This is the real thing: a head-over-heels incredulity that there exists in the universe so perfect an imperfection.(from the intro by Brad Leithauser)
After hating The Great Weaver of Kashmir without being able to dismiss its quality, I read Independent People and didn’t know what to think. My relationship with Laxness will always be volatile; he inspires fervor and frustration in equal measure.
Independent People is often cited as his masterpiece, and it proves that Laxness’ Nobel Prize is well-earned. It holds up in comparison to The Grapes of Wrath; in both stories, dirt-poor farmers who epitomize the national spirit fight for survival and dignity against economic forces they don’t understand. In the case of Independent People, the farmer is Bjartur, who sacrifices everything of value in his life to pursue his ideal of independence.
While Steinbeck and Laxness grant their ignorant peasants both strength and folly, Steinbeck never mocks his with the wry humor that marks Laxness. I think this is a reflection of the difference between Americans and Icelanders – sarcasm was a critical ingredient from the earliest sagas, while even the most literary Americans have a weakness for the maudlin.
Leithauser speaks of the first time he met Laxness in person.
“When I spoke of my admiration for Bjartur, a look of perplexity gave way to one of alarm. “Oh but he’s so stupid!” he objected. “Oh, but he’s so wonderfully stupid,” I replied…For by the time you’ve passed through the storm with him, it’s impossible not to be rooting for that monomaniacal, unkillable, wonderfully stupid old bastard, Bjartur of Summerhouses.
And he is delightfully stupid, at first. But each spring a baby is buried and a little bit of Bjartur’s humanity with it. He clings so strongly to his bloated idea of independence that when his last child is about to leave for America, he doesn’t even climb out of the ditch he is digging to say goodbye, thinking
“The strongest man is he who stands alone…Is not the ability to stand alone the perfection of life, the goal?”
I had already stopped rooting for monomaniacal Bjartur by this point. Perhaps it says more about me than it does about the book that I lost patience with Laxness himself when he killed off Bjartur’s eldest son, Helgi. Yes, the bitter Helgi’s death was symmetrically necessary to counter dreamy Nonni’s fortune. But Helgi’s bitterness at Bjartur’s cruelty seems to me the only appropriate response among all the characters’. I begrudge Laxness killing Helgi as much as I despise Bjartur for valuing his sheep above his son. I stopped rooting for Bjartur the day he found Helgi’s body.
It’s hardly a spoiler to say that Bjartur would lose the farm – Bjartur’s success would be the literary equivalent of Ahab chowing down on albino whale with a nice Chardonnay.
“He returned to his senses, now that the boom years were over, to find himself stuck in the bog that, with infinite labor, he had managed to avoid in the hard years; the free man of the famine years had become the interest-slave of the boom years.”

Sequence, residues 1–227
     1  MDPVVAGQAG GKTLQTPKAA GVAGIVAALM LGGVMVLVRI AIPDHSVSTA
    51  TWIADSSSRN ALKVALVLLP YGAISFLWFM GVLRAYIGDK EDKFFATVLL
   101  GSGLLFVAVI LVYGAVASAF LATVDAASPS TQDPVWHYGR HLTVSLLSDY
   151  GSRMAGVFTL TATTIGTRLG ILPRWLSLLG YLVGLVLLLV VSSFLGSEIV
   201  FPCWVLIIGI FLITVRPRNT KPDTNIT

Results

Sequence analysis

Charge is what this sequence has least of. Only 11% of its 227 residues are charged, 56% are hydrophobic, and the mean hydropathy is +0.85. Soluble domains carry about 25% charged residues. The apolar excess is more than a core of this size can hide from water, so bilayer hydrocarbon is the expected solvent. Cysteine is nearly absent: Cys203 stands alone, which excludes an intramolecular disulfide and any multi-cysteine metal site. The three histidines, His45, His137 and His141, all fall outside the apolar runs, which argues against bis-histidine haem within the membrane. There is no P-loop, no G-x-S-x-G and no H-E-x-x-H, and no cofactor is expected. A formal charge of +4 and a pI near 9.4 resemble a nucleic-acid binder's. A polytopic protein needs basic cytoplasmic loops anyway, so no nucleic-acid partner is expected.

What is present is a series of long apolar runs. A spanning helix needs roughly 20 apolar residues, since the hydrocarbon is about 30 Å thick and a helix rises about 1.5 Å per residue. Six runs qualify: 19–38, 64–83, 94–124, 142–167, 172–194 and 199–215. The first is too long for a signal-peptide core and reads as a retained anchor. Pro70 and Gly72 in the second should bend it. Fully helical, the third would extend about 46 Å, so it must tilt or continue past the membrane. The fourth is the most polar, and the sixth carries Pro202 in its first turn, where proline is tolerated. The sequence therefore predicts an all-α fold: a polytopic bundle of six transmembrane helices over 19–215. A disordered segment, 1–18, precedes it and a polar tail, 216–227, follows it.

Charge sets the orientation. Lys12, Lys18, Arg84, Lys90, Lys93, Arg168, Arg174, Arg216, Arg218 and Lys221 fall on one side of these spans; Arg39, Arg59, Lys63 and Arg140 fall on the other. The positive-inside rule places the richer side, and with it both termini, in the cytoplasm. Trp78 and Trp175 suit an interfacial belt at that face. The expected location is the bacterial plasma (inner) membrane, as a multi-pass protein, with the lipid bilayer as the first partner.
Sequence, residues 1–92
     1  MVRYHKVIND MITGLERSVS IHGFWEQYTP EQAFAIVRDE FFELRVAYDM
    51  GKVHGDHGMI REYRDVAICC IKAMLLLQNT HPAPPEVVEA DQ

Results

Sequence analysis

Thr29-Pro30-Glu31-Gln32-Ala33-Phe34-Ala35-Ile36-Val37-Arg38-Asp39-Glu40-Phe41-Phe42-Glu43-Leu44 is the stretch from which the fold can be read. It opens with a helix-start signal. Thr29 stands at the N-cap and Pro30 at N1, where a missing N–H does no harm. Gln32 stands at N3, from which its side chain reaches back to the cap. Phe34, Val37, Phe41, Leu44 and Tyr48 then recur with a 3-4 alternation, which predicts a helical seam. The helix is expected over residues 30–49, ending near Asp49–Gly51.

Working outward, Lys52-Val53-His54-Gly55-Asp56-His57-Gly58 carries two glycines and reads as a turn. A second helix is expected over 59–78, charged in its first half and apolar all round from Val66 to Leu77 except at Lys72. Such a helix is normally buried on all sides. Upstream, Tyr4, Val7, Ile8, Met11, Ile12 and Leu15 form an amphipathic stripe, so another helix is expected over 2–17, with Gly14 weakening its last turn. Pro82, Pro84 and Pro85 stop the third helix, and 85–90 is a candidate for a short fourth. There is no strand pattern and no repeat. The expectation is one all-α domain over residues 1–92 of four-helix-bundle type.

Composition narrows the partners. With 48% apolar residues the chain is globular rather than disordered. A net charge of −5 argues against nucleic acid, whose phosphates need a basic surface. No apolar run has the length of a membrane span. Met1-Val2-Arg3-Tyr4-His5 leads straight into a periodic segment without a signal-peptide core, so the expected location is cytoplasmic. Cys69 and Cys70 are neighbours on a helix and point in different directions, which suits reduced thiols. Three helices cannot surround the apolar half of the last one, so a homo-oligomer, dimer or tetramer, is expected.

“Ha! What are your sheep worth now, Bjartur?” I thought when the post-war price of mutton fell. But that is just where Laxness’ genius lies, because it’s the point of the whole story. Bjartur’s precious independence is a false victory, even as his principles are proven true – if he had refused to take out credit for the house, he would have kept his independence. Laxness captures the whole complicated mess of human existence. He doesn’t let anyone off the hook, and there are no clean finishes. No villain falls to his death; a few villains go bankrupt, but they are quickly replaced by more villainous ones.
There are traces of the disappointing ending from The Jungle. Bjartur gives his son to the communists, suddenly regaining his humanity and with it, the precious daughter. (Communism has never been kind to fiction – it leaves no room for subtlety.) But a true Icelander, the irascible Laxness avoids Sinclair’s too-clean ending when he reminds us that Bjartur has sacrificed his principles, lost his farm, and regained his daughter only temporarily.
The only perfection Laxness gives us is the perfect catch-22 of the peasants’ situation. Bjartur and his neighbors can’t win for losing. The forces of nature and powerful men are always allied against the small farmer. But it’s almost unnecessary for them to do so, because the farmers are almost as good at destroying themselves as their enemies are. Bjartur could have found a happy marriage with the housekeeper, whose savings might have saved the farm. Sending her away was too stupid to be wonderful.
I wish I had a little more historical context. I’ve peered into the model of a crofter’s house at the National Museum in Reykjavík, and it seemed very like the descriptions in the book. But I still don’t know if Laxness meant for Bjartur to be worse off than others. He seems to imply that Bjartur’s refusal to borrow money is responsible for his annual trips to the cemetery. Certainly his second wife’s death is the result of his delightful stupidity.
I have many other questions about the book, large and small, that are probably obvious to an Icelandic reader. To answer them, I will spend time reading the Laxness in Translation page that helped me so much with Great Weaver, and even though I found myself crying in frustration at Bjartur’s stupidity, I suspect that I will read the book again.
Even when I can’t stand Laxness, I still love him.